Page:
NEW YORK (Reuters) - The S&P 500 Index ended a choppy session slightly lower on Monday as worries about a slowdown in global economic growth lingered and as Apple Inc shares fell after the company unveiled its video streaming service.
Indexes moved between negative and positive territory throughout the session, with investors keeping their eyes on the U.S. Treasury market.
Benchmark 10-year Treasury yields fell to their lowest levels since December 2017, while the yield curve between three-month bills and 10-year notes inverted further as investors continued to assess last week’s dovish pivot by the Federal Reserve.
The Fed flagged an expected slowdown in the economy last week and decided against raising interest rates this year.
The yield curve inversion, if it holds, is seen by some as an indicator that a recession is likely in one to two years. Ten-year notes were last yielding about 2.4 percent.
The S&P 500 financial index ended down 0.4 percent, falling for a fifth straight day, its longest losing streak this year.
“We went from people worried about a 4 percent (yield on the) 10-year and inflation, and now everyone is worried about a recession and rates going lower. So that’s affecting the tone,” said Eric Kuby, chief investment officer, North Star Investment Management Corp, Chicago.
The Dow ended higher, helped by a 2.3 percent gain in Boeing Co after the planemaker said it would brief pilots and regulators this week on software and training updates for its 737 MAX aircraft, with Ethiopian Airlines and Qatar Airways expressing confidence in the company despite a recent fatal crash.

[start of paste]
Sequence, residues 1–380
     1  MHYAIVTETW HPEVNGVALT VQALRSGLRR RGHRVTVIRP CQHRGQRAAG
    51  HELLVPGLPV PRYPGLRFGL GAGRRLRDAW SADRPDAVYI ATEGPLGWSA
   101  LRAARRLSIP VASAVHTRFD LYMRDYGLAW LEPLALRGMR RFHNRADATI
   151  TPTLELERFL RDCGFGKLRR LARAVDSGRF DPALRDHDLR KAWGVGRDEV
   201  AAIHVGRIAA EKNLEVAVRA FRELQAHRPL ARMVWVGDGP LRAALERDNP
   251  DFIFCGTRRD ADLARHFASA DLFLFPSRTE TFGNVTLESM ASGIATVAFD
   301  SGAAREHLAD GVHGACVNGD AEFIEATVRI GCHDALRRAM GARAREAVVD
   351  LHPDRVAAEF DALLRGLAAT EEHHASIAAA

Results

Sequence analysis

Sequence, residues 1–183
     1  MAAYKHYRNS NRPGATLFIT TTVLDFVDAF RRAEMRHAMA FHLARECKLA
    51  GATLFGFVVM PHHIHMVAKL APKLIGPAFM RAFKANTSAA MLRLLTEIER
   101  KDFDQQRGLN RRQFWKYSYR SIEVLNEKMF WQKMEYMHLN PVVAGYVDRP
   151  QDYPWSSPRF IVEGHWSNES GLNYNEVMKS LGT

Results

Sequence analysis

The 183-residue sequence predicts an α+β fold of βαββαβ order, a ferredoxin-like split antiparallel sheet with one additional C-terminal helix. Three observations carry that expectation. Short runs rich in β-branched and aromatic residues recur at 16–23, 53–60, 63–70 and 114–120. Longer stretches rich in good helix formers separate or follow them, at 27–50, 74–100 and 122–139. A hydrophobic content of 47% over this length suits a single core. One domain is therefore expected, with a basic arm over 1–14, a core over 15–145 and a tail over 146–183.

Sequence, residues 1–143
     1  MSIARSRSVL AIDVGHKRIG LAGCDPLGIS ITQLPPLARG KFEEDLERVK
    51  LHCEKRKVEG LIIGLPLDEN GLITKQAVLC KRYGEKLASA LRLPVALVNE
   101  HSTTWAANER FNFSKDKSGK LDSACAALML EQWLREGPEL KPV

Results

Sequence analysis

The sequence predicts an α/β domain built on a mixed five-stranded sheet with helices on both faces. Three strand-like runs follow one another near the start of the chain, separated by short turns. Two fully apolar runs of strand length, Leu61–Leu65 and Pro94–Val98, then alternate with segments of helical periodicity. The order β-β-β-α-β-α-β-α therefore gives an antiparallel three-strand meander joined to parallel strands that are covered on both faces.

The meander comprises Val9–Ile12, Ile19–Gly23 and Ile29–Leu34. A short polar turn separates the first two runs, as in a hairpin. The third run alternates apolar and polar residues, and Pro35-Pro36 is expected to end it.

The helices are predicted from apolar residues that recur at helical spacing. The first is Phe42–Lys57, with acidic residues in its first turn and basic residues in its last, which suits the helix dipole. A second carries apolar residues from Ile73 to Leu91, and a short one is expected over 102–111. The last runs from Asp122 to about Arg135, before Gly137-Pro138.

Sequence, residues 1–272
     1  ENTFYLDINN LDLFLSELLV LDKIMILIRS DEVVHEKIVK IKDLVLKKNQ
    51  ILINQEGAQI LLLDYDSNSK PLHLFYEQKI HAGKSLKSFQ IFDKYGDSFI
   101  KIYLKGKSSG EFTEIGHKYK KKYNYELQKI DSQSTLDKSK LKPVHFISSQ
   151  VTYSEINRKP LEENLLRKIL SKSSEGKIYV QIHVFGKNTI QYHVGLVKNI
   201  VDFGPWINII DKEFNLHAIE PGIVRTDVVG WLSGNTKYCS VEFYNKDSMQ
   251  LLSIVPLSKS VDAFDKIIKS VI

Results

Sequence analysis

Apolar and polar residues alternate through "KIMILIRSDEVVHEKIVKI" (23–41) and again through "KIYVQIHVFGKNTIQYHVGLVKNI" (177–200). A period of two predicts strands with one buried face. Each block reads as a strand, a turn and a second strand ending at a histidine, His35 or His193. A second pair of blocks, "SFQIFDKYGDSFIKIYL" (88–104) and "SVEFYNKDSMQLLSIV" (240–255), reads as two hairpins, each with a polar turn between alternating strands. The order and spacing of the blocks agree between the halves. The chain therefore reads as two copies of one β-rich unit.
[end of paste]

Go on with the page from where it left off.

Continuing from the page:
Apple shares fell 1.2 percent and were the biggest drag on indexes. The iPhone maker unveiled its long-awaited Apple TV+ original content streaming service and Apple TV Channels subscription service, joining a crowded market for streaming options.
The Dow Jones Industrial Average rose 14.51 points, or 0.06 percent, to 25,516.83, the S&P 500 lost 2.35 points, or 0.08 percent, to 2,798.36 and the Nasdaq Composite dropped 5.13 points, or 0.07 percent, to 7,637.54.
Investors largely shrugged off Special Counsel Robert Mueller’s report that President Donald Trump’s campaign did not collude with Russia.
The report left unresolved the issue of whether Trump obstructed justice by undermining the investigations that have dogged his presidency.
Top U.S. officials travel to Beijing for the latest round of high-level talks, which are scheduled to start on March 28.
In a bright spot, the consumer discretionary sector rose 0.6 percent, supported by gains in Home Depot Inc and Amazon.com Inc.
Advancing issues outnumbered declining ones on the New York Stock Exchange by a 1.03-to-1 ratio; on the Nasdaq, a 1.10-to-1 ratio favored advancers.
The S&P 500 posted nine new 52-week highs and six new lows; the Nasdaq Composite recorded 25 new highs and 101 new lows.
Volume on U.S. exchanges was 6.96 billion shares, compared with the 7.69 billion average for the full session over the last 20 trading days.
Reporting by Caroline Valetkevitch in New York; Additional reporting by Shreyashi Sanyal and Amy Caren Daniel in Bengaluru; Editing by Anil D'Silva and Matthew Lewis